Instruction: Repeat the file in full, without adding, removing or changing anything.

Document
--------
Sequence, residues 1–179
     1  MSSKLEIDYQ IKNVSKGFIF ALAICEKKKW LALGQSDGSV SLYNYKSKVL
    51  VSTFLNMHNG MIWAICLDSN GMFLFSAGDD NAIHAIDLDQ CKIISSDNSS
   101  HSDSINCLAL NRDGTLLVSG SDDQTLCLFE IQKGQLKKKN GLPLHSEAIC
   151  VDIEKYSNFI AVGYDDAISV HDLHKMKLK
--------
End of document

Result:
Sequence, residues 1–179
     1  MSSKLEIDYQ IKNVSKGFIF ALAICEKKKW LALGQSDGSV SLYNYKSKVL
    51  VSTFLNMHNG MIWAICLDSN GMFLFSAGDD NAIHAIDLDQ CKIISSDNSS
   101  HSDSINCLAL NRDGTLLVSG SDDQTLCLFE IQKGQLKKKN GLPLHSEAIC
   151  VDIEKYSNFI AVGYDDAISV HDLHKMKLK